Pioneer in field of “Documentation” (standardized “information handling,” aka, information science)

  • See also the fabulous Suzanne Briet, another “documentation” pioneer,” who proposed “an unlimited horizon of physical forms and aesthetic formats for documents and an unlimited horizon of techniques and technologies (and of ‘documentary agencies’ employing these) in the service of multitudes of particular cultures.” She infused information science with the concerns of cultural studies. [also this]

[Watch through 8:56 of this super-boring video] Charles van den Heuvel (NL) Authoritative Annotations, Encyclopedia Universalis Mundaneum, Wikipedia and the Stanford Encycloped from network cultures on Vimeo.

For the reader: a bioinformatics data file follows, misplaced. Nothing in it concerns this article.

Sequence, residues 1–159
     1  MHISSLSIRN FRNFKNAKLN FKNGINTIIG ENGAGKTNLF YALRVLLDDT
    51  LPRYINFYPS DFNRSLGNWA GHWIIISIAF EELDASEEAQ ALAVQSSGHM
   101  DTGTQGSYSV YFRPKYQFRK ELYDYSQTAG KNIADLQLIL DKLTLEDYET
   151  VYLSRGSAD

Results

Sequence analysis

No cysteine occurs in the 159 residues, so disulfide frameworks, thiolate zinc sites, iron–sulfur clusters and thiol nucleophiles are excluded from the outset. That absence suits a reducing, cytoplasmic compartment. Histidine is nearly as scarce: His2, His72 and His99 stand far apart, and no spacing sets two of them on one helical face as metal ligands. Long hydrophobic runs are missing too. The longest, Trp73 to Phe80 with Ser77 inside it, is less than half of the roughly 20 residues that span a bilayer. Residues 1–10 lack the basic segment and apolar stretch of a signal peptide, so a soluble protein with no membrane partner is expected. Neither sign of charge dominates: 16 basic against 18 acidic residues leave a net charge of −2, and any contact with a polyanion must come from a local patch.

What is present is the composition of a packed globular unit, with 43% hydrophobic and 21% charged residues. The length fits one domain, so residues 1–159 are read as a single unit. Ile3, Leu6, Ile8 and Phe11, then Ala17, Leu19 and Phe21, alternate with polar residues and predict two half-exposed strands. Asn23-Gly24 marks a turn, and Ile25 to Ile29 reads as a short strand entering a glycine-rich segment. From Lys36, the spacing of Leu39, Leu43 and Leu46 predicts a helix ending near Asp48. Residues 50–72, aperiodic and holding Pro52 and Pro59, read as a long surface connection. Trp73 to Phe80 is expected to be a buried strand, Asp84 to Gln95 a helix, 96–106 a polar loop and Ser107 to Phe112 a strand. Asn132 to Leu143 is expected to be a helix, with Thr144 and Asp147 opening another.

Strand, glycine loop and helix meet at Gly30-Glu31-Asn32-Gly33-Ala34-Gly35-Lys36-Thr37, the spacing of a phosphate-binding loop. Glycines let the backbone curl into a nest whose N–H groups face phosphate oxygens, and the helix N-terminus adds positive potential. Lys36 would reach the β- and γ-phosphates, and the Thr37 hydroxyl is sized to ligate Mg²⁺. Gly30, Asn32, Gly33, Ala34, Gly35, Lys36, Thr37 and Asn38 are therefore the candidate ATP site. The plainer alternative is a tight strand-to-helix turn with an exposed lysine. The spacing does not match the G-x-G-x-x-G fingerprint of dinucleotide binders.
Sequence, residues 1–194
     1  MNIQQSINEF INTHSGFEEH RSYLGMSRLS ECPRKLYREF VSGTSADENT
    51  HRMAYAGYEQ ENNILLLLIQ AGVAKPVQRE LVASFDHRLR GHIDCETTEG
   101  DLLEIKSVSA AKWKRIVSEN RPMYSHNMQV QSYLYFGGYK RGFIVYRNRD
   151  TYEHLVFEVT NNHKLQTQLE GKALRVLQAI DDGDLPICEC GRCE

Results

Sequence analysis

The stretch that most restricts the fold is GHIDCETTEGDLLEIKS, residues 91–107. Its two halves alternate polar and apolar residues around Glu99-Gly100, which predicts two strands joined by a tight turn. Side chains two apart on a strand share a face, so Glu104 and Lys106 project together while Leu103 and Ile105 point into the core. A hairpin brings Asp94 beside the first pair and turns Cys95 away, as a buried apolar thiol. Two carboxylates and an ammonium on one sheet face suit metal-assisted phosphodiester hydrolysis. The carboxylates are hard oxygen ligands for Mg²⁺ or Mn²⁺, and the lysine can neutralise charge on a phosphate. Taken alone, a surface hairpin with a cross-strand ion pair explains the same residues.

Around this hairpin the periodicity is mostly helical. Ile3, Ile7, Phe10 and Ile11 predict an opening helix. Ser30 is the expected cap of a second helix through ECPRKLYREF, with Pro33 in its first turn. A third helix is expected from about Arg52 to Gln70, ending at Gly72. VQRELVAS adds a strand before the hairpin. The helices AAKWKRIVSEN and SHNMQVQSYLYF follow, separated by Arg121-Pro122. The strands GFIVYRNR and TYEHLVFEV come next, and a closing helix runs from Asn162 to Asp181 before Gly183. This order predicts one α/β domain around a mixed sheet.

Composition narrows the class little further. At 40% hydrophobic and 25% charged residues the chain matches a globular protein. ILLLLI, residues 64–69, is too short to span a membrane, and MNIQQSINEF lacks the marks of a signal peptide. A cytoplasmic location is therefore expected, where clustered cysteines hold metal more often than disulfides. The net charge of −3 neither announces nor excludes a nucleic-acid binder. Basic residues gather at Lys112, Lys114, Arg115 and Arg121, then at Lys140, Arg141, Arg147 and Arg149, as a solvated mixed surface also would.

• Planned to create master bibliography of all world’s published knowledgecollected “magazine and journal articles, photographs, posters and all kinds of ephemera — like pamphlets — that libraries typically ignored”
  • Universal Decimal Classification System (1895, Otlet w/ Henri La Fontaine): adapted from Dewey Decimal System – “assigned individual numerical subject codes to documents, allowing them to be searched and cross-referenced in a standardized manner”
    • “the rational, scientific language of numbers and symbols used in Decimal Classification was the ideal way to express the “links, the genealogy even, of ideas and objects, their relationships of dependence and subordination, of similarity and difference.””